poststructuralist standpoint (Poster 1990), as a networked economy (Castells 1996), and as a
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knowledge-based economy (Nonaka and Takeuchi 1995). This section concludes with some
thoughts on cyberspace as the next (marketing) frontier.

It is true that not all segments of the world are affected equally by the information revolution,
but there is no question that the diffusion of the Internet has made this quite dramatic in a
short time. Figure 2 shows a set of statistics that is quite impressive. These statistics are
published in the International Telecommunications Union (1999) report. The relative speed
with which the Internet has reached 50 million users defies all logic of conventional diffusion
theory, especially regarding the rate of diffusion and the level of penetration. One can argue
that the diffusion of the Internet itself is a technological phenomenon, whereas other
diffusions would have to be accounted for in human terms. In other words, we have a virtual
diffusion of virtual technology.

Figure 2: Internet Growth


Source: adapted from International Telecommunications Union (1999) figures
NOTE: PC=personal computer; WWW= World Wide Web

Compound Annual Growth Rate 1990-1997

Internet Host
90%
Mobile
52% Subscribers
6% Telephone
Lines

0% 50% 100%

Years it took to reach 50 million users

4 WWW
13 Television
16 PC
38 Radio
74 Telephone

0 20 40 60 80

Poststructuralism and the Underlying Themes

Poster (1990) takes a poststructuralist/postmodernist6 approach in assessing the impact of


information technology on the global order of communications and networks. Analogous to
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the Marxian notion of the mode of production, Poster labels his work "the mode of
information." As he indicates in his analysis, an increasing segment of communications is
mediated by electronic devices. Electronic communications are the pervasive order of the
day. They occur among many social groups across many activities, and they use a number of
technological devices (with many more to come). These communication systems are viewed
by different people in different ways. According to Marxists, the system of communications
is a continuation of the class struggle. To technological utopianists, it is the promised land.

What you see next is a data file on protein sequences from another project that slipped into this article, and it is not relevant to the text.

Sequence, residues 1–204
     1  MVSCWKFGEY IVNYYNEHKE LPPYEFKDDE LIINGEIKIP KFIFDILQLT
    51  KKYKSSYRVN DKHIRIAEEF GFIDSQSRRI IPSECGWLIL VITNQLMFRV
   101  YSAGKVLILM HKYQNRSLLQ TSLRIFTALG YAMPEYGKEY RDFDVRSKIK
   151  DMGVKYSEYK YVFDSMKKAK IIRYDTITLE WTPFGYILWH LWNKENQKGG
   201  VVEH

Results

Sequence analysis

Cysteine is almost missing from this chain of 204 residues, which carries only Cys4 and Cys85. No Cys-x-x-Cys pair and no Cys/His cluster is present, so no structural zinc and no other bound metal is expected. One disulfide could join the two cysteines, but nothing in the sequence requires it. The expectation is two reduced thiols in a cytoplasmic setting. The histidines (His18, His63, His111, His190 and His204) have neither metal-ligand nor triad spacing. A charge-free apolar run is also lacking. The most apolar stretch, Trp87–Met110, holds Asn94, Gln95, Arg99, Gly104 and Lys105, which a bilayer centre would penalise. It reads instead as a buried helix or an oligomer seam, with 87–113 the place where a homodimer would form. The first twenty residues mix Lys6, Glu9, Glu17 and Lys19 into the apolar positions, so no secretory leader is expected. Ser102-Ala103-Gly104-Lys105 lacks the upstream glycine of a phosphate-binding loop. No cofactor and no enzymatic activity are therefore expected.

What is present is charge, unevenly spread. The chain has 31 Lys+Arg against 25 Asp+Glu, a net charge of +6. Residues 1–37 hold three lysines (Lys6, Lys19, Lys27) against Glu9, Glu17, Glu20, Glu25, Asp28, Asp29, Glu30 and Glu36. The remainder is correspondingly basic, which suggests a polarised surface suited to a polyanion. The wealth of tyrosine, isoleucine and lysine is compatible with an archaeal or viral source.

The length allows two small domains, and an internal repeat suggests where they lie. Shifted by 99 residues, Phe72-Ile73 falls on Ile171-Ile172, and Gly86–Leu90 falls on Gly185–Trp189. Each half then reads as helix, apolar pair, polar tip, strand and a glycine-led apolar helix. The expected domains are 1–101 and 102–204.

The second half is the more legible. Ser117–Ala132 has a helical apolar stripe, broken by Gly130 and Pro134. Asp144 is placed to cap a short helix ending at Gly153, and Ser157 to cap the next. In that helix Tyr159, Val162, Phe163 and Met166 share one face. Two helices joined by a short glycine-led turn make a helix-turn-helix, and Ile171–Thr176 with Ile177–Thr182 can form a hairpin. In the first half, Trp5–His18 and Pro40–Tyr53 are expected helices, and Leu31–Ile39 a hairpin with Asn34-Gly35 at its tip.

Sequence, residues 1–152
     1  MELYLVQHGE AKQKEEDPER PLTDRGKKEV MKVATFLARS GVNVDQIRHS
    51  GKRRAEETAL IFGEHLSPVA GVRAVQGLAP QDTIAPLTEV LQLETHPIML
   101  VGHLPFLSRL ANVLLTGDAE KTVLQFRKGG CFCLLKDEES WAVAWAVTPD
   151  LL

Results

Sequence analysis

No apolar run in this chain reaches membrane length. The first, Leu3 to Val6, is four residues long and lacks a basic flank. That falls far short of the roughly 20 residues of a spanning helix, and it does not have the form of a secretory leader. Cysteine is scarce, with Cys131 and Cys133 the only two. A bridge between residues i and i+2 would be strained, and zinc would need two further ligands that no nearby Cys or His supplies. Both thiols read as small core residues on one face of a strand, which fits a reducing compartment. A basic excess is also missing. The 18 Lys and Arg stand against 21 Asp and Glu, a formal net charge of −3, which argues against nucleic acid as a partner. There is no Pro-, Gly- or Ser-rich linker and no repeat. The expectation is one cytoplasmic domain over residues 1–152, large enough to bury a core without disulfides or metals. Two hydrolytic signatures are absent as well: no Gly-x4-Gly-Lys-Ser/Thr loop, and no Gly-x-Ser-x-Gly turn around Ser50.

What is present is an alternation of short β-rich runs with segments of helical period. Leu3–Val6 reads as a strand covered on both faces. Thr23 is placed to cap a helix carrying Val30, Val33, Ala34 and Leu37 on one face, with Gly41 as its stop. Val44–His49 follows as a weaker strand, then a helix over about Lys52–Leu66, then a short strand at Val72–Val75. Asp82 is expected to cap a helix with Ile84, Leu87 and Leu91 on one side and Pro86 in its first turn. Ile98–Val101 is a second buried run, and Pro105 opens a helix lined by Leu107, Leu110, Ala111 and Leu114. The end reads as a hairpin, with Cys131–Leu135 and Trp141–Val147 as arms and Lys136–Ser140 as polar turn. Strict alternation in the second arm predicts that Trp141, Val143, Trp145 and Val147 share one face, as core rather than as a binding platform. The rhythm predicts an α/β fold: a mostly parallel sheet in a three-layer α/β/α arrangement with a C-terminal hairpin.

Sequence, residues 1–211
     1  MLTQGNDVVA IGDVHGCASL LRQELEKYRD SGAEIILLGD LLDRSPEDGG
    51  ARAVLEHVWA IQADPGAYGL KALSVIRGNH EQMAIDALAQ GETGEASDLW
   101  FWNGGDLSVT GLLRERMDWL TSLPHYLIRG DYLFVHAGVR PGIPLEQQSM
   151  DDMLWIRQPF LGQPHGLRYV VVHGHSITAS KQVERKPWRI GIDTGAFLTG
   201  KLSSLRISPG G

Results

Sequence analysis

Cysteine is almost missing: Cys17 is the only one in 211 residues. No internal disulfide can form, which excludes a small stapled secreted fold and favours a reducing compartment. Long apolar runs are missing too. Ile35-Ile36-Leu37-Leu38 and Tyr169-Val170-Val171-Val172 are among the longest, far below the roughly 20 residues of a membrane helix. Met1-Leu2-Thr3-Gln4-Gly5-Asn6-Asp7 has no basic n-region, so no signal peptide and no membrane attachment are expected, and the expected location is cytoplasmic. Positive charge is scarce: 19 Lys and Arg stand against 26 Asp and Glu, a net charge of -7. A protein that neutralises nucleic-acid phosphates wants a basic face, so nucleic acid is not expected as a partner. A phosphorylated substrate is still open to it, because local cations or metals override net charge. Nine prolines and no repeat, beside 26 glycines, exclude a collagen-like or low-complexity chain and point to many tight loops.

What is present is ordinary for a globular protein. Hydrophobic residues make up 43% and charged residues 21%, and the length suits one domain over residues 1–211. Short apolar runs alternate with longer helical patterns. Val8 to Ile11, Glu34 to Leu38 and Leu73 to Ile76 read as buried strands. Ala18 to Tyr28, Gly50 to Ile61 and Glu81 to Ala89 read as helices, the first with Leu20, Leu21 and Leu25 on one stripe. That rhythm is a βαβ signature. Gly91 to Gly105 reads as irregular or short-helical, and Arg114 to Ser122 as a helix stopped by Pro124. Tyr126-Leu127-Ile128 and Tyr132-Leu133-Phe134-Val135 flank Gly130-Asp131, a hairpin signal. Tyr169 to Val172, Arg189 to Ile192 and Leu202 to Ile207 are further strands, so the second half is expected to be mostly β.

For digital literati, it is McLuhan's global village come true. To liberals, it is the flourishing
of a pluralist society. To postmodernists, it is the new reality, more real than real.

The essence of the new technologies of communication is the connectivity, but it is


connectivity not in the old linear sense but rather in a network context. Poster (1990) argues
that the electronic communication system imposes a new language order. Poster tries to
demonstrate that societal communication actually is institutionalized symbolic exchange and
follows a historical pattern. In the current period, what is fetishized (to use Marxian
terminology) is information. Poster describes the historical pattern of communication in the
following way:

Every age employs forms of symbolic exchange which contains internal and external structures,
means and relations of signification. Stages in the mode of information may be tentatively designated
as follows: face-to-face, orally mediated exchange; written exchanges mediated by print; and
electronically mediated exchange. In the first stage, the self is constituted in a totality of face-to-face
interactions. In the second stage, it is determined by rational autonomy. In the third, electronic stage
the self is "decentered, dispersed, and multiplied in continuous stability." (F 20)

Indeed, the third stage becomes postmodern. Poster (1990) gives examples of how the
information age is the age of simulacra and how language is electronically manipulated and
continuously reproduced via electronic technologies. The outcome of such reproduction no
doubt is the blurring of the real and the imaginary-of the original and the copyand the
construction of a hyperreal world. In the information economy, therefore, individuals become
experiential subjects, where each experience is given a special meaning and language
becomes the vehicle through which structures of meaning are constructed.

Poster (1990) quickly moves from the constitution of the individual self in the information
age to the social construction of popular culture that is mediated electronically and globally.
As information is reproduced electronically rapidly, the providers and receivers of
information become active members of the social order of reproduction. Poster argues that
just because communications are faster and reproduced rapidly, they are not necessarily any